Scopes in Angular

A scope in Angular is a glue layer between controllers and views. The purpose of the scope is principally to watch properties and propagate events. For those who have used Angular, the scope is recognizable as the $scope argument that is often passed into controllers.

Scope also allows the decoupling of controller from the view which prevents either from being dependent on the specific implementation of the other. In angular, a scope is considered to be a model, and occupies the “M” spot in the “MVC” acronym of “Model, View, Controller”.

Decoupling from the view layer makes controllers very trivial to test, as a mocked scope can be injected into a test method without having to worry about DOM interactions. Likewise the view layer does not need to know anything about the controller that is providing its data.

Isolate Scopes

There is such a thing as an isolate scope (such as a scope within a directive) that does not inherit prototypically from its context scopes. This enables reusable elements which are not bound to certain implementation patterns.

Properties of Scopes

  • All scopes inherit via prototypical inheritance from the $rootScope.
  • All scopes are plain javascript objects.
  • Child scopes inherit the properties of parent scopes.
  • Parent scope properties can be accessed with the $scope.$parent interface.
  • Actions can be bubbled up for parent controllers to handle with the $emit API
  • Actions can be broadcast to children using $broadcast. $scope events must be handled with the use of the $scope.$on(event, handler) api


$scope.$apply(function) is used to introduce a value into the angular context from something outside of it. For example, if a jQuery DOM selector is used in a directive to change some text, angular will be unaware of this change unless notified via $scope.$apply(). $scope.$apply actually evaluates the argument function within a try catch and activates the $digest() function and cycle. Most of the angular api is automatically executed from within $apply() (ng-model, $http, $resource, controller initialization) so it shouldn’t be used except in a few cases. This function is commonly called within a directive’s “link()” method to bring changes from outside of the Angular universe back in.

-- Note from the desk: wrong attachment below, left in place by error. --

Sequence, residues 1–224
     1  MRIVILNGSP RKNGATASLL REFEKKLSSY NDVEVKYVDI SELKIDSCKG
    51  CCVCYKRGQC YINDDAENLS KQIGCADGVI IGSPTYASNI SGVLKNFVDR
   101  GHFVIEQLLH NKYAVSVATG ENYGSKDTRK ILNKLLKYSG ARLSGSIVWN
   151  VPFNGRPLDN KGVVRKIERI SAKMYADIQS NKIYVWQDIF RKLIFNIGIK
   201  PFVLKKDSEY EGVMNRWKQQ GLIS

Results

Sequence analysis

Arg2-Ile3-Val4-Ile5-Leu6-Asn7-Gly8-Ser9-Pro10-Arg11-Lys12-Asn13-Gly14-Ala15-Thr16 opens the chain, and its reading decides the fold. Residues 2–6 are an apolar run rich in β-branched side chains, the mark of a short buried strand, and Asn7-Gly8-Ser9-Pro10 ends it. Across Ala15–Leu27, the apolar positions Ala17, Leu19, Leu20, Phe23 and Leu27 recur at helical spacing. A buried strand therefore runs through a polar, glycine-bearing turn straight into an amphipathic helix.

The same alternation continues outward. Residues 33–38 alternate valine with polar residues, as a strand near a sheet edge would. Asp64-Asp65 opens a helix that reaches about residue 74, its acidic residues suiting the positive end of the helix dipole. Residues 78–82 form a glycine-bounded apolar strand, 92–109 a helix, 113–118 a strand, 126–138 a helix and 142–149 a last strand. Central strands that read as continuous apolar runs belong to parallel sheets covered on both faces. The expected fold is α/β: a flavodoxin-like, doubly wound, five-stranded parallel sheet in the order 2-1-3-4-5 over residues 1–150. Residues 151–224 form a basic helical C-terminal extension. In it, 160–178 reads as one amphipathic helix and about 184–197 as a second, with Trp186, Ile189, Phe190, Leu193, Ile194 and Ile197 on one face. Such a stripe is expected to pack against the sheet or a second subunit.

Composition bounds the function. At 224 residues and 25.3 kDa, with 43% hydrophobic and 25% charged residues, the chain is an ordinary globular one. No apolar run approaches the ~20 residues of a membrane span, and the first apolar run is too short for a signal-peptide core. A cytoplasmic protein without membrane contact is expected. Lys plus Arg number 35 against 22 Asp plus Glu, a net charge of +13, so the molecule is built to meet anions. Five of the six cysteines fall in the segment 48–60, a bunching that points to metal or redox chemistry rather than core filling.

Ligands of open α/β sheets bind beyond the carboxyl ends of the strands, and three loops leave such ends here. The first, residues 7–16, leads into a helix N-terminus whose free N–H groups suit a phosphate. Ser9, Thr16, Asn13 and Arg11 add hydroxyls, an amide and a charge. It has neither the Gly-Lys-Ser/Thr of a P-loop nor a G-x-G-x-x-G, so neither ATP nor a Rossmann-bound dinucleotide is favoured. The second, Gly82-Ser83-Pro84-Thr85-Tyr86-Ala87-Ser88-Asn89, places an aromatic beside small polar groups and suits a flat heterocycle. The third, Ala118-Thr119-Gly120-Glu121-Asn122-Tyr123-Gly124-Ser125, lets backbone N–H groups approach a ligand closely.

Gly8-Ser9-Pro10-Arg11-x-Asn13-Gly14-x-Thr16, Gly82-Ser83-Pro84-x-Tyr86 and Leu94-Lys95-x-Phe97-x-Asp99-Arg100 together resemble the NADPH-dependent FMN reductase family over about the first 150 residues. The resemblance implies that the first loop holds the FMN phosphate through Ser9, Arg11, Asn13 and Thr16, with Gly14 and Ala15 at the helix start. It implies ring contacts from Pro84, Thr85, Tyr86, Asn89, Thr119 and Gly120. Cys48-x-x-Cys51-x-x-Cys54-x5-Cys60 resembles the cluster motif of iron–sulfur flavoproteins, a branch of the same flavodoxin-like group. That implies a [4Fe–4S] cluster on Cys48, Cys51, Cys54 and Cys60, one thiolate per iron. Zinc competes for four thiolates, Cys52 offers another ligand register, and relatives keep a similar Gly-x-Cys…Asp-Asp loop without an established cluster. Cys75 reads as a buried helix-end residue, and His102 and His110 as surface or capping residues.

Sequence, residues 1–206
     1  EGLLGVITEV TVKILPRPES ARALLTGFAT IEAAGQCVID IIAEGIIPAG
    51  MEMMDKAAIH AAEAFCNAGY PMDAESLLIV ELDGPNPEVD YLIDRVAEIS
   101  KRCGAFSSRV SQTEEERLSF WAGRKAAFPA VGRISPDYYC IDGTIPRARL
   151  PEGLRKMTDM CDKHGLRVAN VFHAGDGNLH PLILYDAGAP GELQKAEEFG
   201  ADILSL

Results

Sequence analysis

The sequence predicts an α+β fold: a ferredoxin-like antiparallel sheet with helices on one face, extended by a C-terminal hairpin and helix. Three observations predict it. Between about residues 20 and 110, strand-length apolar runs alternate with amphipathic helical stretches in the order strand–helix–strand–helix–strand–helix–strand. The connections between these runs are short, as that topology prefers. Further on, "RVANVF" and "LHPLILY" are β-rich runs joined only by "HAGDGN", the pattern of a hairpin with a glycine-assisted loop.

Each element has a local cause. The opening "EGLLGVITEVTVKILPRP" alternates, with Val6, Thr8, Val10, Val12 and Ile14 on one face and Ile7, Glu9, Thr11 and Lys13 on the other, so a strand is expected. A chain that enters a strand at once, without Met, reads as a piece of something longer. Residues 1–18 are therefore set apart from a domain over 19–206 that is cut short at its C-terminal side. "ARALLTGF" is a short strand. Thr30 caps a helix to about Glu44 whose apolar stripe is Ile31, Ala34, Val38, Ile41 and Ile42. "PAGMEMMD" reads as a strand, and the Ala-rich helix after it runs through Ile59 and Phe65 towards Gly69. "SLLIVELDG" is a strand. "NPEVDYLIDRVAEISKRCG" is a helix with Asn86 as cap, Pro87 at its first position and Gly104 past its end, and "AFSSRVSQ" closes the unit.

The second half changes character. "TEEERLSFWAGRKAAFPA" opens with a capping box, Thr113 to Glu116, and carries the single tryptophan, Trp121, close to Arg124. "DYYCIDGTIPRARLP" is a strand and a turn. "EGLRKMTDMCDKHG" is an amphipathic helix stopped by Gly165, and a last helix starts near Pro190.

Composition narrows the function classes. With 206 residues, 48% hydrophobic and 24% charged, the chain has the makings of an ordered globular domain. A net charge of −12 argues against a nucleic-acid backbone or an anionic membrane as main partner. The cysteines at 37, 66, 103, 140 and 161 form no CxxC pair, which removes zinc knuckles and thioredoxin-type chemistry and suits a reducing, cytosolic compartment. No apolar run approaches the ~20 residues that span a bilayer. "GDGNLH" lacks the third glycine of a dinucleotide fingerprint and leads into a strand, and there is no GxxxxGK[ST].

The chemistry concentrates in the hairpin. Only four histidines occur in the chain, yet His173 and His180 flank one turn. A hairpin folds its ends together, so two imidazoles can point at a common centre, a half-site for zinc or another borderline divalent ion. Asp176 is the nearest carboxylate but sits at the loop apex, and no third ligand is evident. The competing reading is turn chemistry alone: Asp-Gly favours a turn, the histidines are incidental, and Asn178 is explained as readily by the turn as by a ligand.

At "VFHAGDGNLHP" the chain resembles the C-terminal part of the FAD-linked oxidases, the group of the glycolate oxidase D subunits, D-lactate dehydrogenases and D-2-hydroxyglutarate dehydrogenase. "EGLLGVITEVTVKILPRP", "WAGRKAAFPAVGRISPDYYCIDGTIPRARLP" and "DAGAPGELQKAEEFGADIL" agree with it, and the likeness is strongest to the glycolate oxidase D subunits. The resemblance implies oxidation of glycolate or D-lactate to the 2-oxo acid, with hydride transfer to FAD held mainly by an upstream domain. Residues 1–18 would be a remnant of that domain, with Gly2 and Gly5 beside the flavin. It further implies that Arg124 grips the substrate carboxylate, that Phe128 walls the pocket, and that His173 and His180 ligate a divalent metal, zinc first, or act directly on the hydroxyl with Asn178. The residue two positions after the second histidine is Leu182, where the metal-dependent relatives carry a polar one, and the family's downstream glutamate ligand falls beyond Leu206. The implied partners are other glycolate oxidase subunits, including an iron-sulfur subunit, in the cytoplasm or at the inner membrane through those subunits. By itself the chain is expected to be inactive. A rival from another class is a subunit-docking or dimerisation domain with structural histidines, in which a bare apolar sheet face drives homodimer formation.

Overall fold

The $watch(valueToWatch / watchFunction, listenerFn) function registers a value to watch, and a listener function to execute if that value is changed. For example, let’s say $HTTP service watched $scope property is modified. Once the digest cycle runs and identifies the change, the watch’s listener function will be triggered and will fire.

Watch functions are automatic and ubiquitous throughout the angular ecosystem but it is occasionally necessary to use one’s own. Watch functions must be kept very lean and idempotent as they will be run quite often.


$watchCollection accomplishes the same thing as $watch but is capable of checking the values of arrays or objects for changes. As a consequence, it is less thorough than a simple watch operation which merely examines if the reference has changed. With $watchCollection, detection is shallow and does not modify deeply nested data.

$watch(valueToWatch, listenerFn, true) is capable of deep, value-based comparisons of collection objects. This is the most time consuming (and memory devouring) of the operations within the watch family. The full nested data structure is traversed and a copy of the structure must be held in memory.


The $digest() function is angular’s heartbeat, and is responsible for checking all watched values. It examines if the watched values have become “dirty”, and executes a scope update of any listener functions associated with any values that have become dirty. To know what is dirty the digest is aware of the previous value of the watched property.

The digest function will run until all watched values have stabilized up to a maximum of 10 times before throwing an exception. The digest function does not poll the watchers on any regular interval, rather a digest must be triggered. The digest function can be called manually, but calling $scope.$apply is considered a better practice as code is evaluated in a try catch loop.

In Conclusion…

Understanding Angular’s concept of scope has been critical to my understanding on Angular in general. If you are intent on learning more about Angular, internalize scope and you will demystify what gives Angular its pointy Angularity :)